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BILLIONAIRE 04 - Passion Issue

BILLIONAIRE is an award-winning magazine not available on newsstands, but offered to a distinguished group of the most powerful, influential, high net worth readers across the world. Join them to receive special subscriber-only invitations. We go the extra mile to report on important topics such as the future of technology, world health, philanthropy and humanitarian work. We bring you incredible travel experiences, the very best in elegant living, the arts, culture and craftsmanship. We exclusively interview some of the world’s most illustrious billionaires, from Ted Turner to Nicky Oppenheimer to Joe Gebbia to Mo Ibrahim, about the problems keeping them up at night, their passions and projects. We speak to some of the planet’s most inspiring change-makers, from Jimmy Carter to Buzz Aldrin to Kofi Annan, about their visions for the future and how they are making the world a better place. Each quarterly issue of BILLIONAIRE is carefully curated with unique content that other magazines simply do not offer.

Country:
Singapore
Language:
English
Publisher:
Highend Pte Ltd
Frequency:
Quarterly
$40.34
$161.37
4 Issues

in this issue

1 min
a word from the ceo

'Passion separates us from all the others', I remember saying these words to the Head of Group Compliance at Credit Suisse in Zurich, what feels like a lifetime ago. And I recall his response when they came to renew their contract with my firm, that each of the department heads had to agree 'we just kept getting better' and they could 'see the passion'. It's hard I'm sure for anyone to imagine regulatory compliance done with passion but we managed. We built a company I'm still so proud of today and which sits as a gem within the Thomson Reuters Group. Passion doesn't always guarantee success, sadly. There are those who are passionate about what they do but really are not talented. There are others who are passionate but not business minded enough…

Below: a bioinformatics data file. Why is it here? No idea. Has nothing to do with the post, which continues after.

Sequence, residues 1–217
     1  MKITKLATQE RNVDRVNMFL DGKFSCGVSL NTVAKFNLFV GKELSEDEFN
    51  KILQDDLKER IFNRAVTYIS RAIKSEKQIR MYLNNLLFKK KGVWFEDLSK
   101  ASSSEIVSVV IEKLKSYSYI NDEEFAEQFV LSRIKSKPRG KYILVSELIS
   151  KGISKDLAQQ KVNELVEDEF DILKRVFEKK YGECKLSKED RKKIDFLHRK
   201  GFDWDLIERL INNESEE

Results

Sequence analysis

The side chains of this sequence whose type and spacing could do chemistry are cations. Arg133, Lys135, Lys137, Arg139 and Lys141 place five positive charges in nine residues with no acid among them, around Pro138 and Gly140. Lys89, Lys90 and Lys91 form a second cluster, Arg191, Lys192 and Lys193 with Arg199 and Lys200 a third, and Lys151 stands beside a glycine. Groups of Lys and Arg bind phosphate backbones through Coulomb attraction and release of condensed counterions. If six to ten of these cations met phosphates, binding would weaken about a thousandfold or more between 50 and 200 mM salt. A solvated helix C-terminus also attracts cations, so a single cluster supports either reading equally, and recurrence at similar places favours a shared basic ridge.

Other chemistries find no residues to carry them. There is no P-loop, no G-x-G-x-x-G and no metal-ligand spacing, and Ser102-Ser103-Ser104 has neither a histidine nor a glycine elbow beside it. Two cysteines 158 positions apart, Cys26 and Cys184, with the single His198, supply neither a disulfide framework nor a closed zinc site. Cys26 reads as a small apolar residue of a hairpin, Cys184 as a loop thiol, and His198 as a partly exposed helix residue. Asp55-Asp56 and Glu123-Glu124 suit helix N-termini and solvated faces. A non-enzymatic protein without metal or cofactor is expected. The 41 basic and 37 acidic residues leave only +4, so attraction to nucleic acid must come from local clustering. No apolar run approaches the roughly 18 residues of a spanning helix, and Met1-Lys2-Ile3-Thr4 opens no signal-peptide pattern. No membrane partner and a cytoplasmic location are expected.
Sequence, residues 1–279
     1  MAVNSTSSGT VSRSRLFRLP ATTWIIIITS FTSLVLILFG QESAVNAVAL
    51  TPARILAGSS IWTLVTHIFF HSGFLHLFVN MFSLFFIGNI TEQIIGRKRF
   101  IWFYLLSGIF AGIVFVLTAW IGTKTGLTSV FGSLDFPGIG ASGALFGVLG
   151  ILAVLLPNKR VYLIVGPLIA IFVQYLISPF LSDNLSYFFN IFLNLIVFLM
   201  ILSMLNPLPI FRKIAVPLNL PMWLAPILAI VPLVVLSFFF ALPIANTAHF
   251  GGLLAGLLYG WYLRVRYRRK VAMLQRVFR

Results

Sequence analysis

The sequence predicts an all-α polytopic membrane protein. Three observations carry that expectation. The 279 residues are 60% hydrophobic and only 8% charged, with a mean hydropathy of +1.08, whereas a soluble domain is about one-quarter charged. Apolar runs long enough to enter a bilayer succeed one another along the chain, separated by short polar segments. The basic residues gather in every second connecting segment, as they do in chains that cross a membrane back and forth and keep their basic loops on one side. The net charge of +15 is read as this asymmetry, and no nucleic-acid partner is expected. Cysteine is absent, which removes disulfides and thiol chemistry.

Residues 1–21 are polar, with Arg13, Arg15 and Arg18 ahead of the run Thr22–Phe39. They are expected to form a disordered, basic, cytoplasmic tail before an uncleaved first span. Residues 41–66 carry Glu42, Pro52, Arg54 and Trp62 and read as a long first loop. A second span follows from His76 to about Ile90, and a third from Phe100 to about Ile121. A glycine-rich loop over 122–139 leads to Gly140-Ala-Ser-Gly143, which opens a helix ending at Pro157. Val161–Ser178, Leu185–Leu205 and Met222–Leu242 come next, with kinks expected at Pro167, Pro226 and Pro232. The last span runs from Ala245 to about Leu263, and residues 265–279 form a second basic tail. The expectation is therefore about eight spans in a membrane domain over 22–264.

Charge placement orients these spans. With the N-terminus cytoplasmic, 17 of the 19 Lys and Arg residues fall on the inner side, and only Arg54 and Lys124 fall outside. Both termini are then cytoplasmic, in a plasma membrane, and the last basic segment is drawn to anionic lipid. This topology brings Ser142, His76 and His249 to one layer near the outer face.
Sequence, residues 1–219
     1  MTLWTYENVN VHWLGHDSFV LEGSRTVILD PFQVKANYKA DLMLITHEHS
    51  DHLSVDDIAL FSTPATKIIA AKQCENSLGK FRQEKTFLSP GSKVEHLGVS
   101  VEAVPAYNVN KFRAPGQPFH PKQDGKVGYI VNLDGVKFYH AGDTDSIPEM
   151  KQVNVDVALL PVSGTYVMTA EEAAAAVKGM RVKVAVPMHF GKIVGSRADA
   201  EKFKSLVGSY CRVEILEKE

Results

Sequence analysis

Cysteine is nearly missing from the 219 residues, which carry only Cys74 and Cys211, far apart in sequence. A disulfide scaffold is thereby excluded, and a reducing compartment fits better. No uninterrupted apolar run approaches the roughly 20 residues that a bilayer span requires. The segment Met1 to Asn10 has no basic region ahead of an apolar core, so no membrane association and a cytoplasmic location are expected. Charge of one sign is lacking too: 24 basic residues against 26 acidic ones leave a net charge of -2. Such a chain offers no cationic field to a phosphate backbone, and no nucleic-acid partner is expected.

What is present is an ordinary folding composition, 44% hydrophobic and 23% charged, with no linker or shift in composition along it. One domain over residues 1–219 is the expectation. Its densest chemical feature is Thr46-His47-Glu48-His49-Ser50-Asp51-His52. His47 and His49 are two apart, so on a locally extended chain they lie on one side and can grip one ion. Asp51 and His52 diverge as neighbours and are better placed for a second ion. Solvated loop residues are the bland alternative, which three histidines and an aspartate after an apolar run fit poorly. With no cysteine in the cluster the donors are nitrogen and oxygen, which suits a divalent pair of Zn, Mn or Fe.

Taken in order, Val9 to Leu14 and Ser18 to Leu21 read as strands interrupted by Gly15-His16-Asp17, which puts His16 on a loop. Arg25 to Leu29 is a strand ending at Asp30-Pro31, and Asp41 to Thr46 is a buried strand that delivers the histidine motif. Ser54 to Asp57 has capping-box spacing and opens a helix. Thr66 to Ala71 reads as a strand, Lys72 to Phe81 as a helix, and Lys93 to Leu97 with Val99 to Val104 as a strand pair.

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2 min
editor's note

“Nothing great in the world has been accomplished without passion,” said Georg Wilhelm Friedrich Hegel, a 19th century German philosopher. In today’s fast-paced, tech-obsessed, commoditised world, it is easy to lose sight of the importance of passion. Why should we feel passionate at work when our merit is represented by a monthly paycheck? Why should we feel passionate about love when we can find a partner by ‘swiping right’ on Tinder? Why should we feel passionate about travel when Google Maps lets us explore every inch of the planet from our computer screen? But Hegel’s truism is as important today as it was 200 years ago. Without passion, we would have none of the world’s manmade wonders. Shakespeare’s oeuvre wouldn’t exist, neither would Picasso’s Guernica; there would be no Parc Güell and…

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4 min
the story of life